It Takes More Than a Password

Have you ever logged into your home computer and noticed the search history from your phone was also showing up in your home internet browser? More and more, companies like Google and Microsoft are requiring you to have a user account for their browsers in an effort to link your browsing preferences across various devices and provide a synchronous user experience. The algorithm Google uses to learn your interests based on search results and retain your history is mostly beneficial, however, it is important to remember that these services store your personal data in the cloud and it is your responsibility not to link any accounts to work computers or public devices.

Your search results are just some of the over 100 billion searches processed by Google every month, which is staggering when considering Google is just one of many online search engines. Those search results, as well as any data you have saved online are tired directly to whatever account you created when downloading Chrome, Firefox or similar web browsers. For instance, users with a Gmail account may check their mail from their home, work and public computers. Depending on whether their password has been cached on any one computer, they are open to an easy breach of security.

Many of us are guilty of checking personal websites at work and save the login credentials for non-work related websites in our work browser, as a result. This makes it faster to access your mail, shopping sites and financial institutions, but also leaves you at risk of having someone else access your data. If you leave your job, or someone else uses your work computer, those cached credentials will enable the next user to potentially log into the sites that contain your personal and financial data. To safeguard against such a scenario do not save your username or password for any account containing personal interests or information on devices used by anyone other than yourself. Most browsers include a feature to disable password saving, which is strongly recommended on computers used by more than one person. It is far more likely to have your data jeopardized due to misuse of your browser than it is for your password to be stolen.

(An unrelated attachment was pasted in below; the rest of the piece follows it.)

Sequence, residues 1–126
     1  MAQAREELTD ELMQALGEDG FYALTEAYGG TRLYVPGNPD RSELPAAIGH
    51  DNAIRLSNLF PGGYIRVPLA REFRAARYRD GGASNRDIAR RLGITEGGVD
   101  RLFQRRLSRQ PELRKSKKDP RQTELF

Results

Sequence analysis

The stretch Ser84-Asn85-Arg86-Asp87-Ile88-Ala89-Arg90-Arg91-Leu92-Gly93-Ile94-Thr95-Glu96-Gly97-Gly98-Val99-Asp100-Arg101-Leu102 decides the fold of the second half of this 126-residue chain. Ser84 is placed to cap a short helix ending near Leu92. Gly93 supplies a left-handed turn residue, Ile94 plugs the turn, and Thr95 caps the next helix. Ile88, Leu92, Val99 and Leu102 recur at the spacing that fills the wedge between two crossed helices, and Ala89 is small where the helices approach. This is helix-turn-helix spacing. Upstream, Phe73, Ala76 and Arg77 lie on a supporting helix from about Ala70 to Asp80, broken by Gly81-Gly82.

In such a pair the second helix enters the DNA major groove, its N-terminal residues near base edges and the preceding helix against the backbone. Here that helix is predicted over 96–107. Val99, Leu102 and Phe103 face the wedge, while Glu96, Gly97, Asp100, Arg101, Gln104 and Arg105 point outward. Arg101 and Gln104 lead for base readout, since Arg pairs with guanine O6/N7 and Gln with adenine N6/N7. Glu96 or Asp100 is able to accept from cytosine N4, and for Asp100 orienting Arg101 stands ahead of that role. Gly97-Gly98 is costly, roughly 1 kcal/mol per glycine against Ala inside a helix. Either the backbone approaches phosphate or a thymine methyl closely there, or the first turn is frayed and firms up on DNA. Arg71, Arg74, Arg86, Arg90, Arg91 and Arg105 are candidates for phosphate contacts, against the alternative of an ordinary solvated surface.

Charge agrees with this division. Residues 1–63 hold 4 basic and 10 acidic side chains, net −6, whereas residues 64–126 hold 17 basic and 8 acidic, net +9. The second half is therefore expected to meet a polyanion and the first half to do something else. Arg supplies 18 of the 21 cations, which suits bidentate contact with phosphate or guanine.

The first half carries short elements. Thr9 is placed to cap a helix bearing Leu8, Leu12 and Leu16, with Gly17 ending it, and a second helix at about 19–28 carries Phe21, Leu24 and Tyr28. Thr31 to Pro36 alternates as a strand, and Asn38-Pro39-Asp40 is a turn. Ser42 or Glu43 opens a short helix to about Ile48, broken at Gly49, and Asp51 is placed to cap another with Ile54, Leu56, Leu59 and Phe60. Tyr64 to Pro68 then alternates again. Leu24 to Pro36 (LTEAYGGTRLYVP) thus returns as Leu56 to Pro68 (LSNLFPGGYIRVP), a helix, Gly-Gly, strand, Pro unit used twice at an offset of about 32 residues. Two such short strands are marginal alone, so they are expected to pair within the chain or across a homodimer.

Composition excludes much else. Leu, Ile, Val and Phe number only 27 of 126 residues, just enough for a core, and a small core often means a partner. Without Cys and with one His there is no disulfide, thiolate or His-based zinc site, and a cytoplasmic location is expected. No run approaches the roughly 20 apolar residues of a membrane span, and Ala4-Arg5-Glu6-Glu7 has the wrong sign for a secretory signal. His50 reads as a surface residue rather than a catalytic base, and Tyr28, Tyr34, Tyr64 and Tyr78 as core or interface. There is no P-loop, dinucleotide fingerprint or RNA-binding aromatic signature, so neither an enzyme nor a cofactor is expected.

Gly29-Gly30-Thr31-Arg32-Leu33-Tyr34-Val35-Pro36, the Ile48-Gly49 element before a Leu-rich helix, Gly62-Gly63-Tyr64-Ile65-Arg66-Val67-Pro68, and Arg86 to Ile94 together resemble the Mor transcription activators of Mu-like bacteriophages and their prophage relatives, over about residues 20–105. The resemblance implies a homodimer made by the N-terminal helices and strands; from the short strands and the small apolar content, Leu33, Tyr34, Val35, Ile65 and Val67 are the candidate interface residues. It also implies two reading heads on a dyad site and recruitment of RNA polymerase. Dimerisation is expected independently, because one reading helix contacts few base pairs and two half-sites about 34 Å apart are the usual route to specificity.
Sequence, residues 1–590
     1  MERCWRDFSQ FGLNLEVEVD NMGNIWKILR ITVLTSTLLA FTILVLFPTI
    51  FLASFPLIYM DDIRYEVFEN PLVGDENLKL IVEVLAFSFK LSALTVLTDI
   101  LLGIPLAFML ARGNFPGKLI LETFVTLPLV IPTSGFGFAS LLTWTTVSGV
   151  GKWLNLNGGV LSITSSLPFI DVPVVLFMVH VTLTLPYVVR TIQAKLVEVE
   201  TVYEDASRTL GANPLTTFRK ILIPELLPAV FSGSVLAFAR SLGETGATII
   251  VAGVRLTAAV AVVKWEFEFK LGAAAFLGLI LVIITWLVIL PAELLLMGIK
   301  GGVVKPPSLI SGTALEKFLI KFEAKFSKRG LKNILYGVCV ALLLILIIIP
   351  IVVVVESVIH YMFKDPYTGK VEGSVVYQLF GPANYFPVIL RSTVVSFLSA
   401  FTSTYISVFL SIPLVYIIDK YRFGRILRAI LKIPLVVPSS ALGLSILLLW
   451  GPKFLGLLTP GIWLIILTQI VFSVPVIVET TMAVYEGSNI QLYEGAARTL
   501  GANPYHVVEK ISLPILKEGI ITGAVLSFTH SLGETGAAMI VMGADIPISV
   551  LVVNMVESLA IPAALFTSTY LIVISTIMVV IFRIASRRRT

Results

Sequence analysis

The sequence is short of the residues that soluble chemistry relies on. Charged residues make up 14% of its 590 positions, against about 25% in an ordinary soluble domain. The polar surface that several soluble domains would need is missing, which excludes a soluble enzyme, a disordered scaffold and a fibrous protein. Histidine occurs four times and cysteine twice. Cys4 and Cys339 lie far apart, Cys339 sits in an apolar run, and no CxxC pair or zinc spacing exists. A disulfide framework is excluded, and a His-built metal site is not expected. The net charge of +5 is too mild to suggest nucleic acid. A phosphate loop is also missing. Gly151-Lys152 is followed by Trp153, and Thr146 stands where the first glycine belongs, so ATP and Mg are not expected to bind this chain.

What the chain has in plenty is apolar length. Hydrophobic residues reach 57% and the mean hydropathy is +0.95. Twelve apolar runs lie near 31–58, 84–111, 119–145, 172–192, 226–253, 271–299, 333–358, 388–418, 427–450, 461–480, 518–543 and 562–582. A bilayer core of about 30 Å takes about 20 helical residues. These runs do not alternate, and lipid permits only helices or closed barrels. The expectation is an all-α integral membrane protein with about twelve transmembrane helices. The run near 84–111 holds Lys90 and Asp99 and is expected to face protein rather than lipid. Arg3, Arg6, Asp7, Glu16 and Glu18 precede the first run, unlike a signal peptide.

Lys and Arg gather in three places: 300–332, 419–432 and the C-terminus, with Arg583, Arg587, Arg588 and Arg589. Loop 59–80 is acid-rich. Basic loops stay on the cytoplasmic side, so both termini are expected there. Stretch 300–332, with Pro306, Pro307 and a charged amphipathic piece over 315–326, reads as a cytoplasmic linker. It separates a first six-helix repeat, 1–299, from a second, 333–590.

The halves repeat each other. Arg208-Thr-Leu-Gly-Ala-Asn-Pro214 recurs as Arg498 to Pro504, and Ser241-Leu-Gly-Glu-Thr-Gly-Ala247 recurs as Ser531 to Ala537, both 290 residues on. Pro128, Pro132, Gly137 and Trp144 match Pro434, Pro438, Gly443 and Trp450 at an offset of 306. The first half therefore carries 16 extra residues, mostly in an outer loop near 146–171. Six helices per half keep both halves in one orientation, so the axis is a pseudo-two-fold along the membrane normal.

When it comes to your online safety, a password is only as good as the way you are managing it. Remember, it is not your banking website or Gmail account that is saving your password, it is your browser. If you are using public or corporate devices, make it a point to refrain from checking personal accounts and clear your cache prior to logging off. Our personnel browsing habits play a big part in staying safe online.